Families Grieving Children Plan for Summer Compassionate Friends Conference in Nashville

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Every year in the United States thousands of families experience the unexpected and crushing death of a child. July 18-20 families that are going through this traumatic, distressful situation have the opportunity to attend the country's largest bereavement conference held specifically for families that have lost a child. As many as 1400 persons are expected for the 31st Compassionate Friends National Conference, which includes more than 100 workshops as well as activities including the Walk to Remember where the names of more than 10,000 children who have died will be carried.

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The loss of a child is a devastating experience

Every year in the United States thousands of families go through the traumatic and stressful death of a child. Deep seated pain is etched within them as they struggle to survive what many would believe unsurvivable.        

Bereaved family members at all stages in their grief are making plans to journey to Nashville July 18-20 to be with up to 1,400 fellow grieving parents, siblings, and grandparents at The Compassionate Friends (TCF) 31st National Conference in Nashville July 18-20.

"The loss of a child is a devastating experience," says TCF Executive Director Patricia Loder who is a twice bereaved parent and a bereaved sibling. "Our upcoming conference is designed to provide a way for bereaved family members to connect with others who are walking a similar path. This will be a nurturing atmosphere of acceptance, validation, understanding, and hope."

Keynote speakers include Dr. Frank R. Lewis, surviving sibling and author; Bruce Murakami, whose remarkable story about how he has bonded and teamed with the drag racing teen who ended the life of his wife and daughter was made into the Hallmark Hall of Fame movie Crossroads: A Story of Forgiveness; Darrell Scott, whose daughter was the first to die at Columbine, was inspired to start "Rachel's Challenge" in her memory, a program so far presented at more than a thousand high schools designed to inspire kindness and compassion; and Ann Hood bereaved parent and award winning author.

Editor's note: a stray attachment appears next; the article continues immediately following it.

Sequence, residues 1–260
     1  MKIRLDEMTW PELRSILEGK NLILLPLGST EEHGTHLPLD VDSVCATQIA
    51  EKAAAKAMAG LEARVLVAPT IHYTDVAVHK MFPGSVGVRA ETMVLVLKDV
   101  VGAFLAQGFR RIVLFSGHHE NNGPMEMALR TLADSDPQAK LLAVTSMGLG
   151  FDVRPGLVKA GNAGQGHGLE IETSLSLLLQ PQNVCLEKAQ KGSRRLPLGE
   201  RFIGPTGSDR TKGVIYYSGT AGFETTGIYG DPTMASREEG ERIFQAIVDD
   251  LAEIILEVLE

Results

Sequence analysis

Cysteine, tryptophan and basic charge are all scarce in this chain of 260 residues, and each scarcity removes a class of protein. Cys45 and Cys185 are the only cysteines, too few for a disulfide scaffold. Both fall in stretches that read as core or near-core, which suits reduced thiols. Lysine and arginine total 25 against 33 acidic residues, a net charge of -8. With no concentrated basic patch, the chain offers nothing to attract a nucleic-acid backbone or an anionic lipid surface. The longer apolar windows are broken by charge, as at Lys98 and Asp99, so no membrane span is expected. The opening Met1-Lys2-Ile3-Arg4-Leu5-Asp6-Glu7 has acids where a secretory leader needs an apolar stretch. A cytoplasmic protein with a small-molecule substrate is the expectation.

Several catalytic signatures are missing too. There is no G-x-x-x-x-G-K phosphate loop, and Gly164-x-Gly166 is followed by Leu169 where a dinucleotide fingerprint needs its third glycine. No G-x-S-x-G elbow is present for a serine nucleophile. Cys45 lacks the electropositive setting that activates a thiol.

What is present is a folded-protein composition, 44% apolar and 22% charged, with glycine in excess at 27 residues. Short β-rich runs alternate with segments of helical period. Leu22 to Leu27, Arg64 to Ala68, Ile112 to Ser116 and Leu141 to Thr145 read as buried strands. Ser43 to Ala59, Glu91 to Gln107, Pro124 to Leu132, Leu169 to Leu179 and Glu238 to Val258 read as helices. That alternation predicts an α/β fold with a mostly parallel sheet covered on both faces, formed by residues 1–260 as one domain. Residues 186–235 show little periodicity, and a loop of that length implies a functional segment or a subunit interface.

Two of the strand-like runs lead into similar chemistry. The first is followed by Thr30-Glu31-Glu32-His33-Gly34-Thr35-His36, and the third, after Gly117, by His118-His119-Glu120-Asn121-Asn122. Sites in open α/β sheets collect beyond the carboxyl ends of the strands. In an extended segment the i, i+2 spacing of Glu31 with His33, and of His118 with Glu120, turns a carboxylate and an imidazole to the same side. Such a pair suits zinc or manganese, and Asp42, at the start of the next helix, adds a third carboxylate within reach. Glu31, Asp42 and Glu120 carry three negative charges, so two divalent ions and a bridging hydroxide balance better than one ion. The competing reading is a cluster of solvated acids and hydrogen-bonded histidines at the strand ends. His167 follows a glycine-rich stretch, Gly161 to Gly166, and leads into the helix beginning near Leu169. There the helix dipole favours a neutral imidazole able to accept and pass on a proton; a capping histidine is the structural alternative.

As well as a number of other activities, including a complete sibling program, there will be more than 100 bereavement workshops covering an extensive variety of topics related to the death of a child and the difficult journey that follows.

The conference will incorporate the ninth annual "Walk to Remember," Sunday, July 20 at 8 a.m. up to 1,300 persons attending the conference and from the surrounding area, are expected for the event, carrying the names of more than 10,000 children whose memories are being honored. Anyone who wishes to have a child remembered during the Walk may submit the child's name online at http://www.tcfwalktoremember.org and volunteers will carry those names during the event, which is also a fundraiser, supporting the organization's many national outreach programs.

In conjunction with the conference, a Professional Outreach Day seminar will be held Thursday, July 17 for nurses, physicians, social workers, counselors, emergency personnel, funeral directors, law enforcement officers, clergy, educators, and all who care for individuals or are interested in providing support for bereaved families after the death of a child. Continuing Education Units will be available for many professions. The public is invited to register. Registration for Professional Outreach Day includes admission to the full three day conference.

For more information or to register for the conference, the Walk to Remember, or Professional Outreach Day, visit The Compassionate Friends national website at http://www.compassionatefriends.org or call the National Office toll-free at 877-969-0010.

The Compassionate Friends is the world's largest self-help bereavement support organization, with more than 600 chapters in the United States including all 50 states, Washington D.C., and Puerto Rico. TCF has a national presence in more than 30 countries around the world.

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WAYNE LODER
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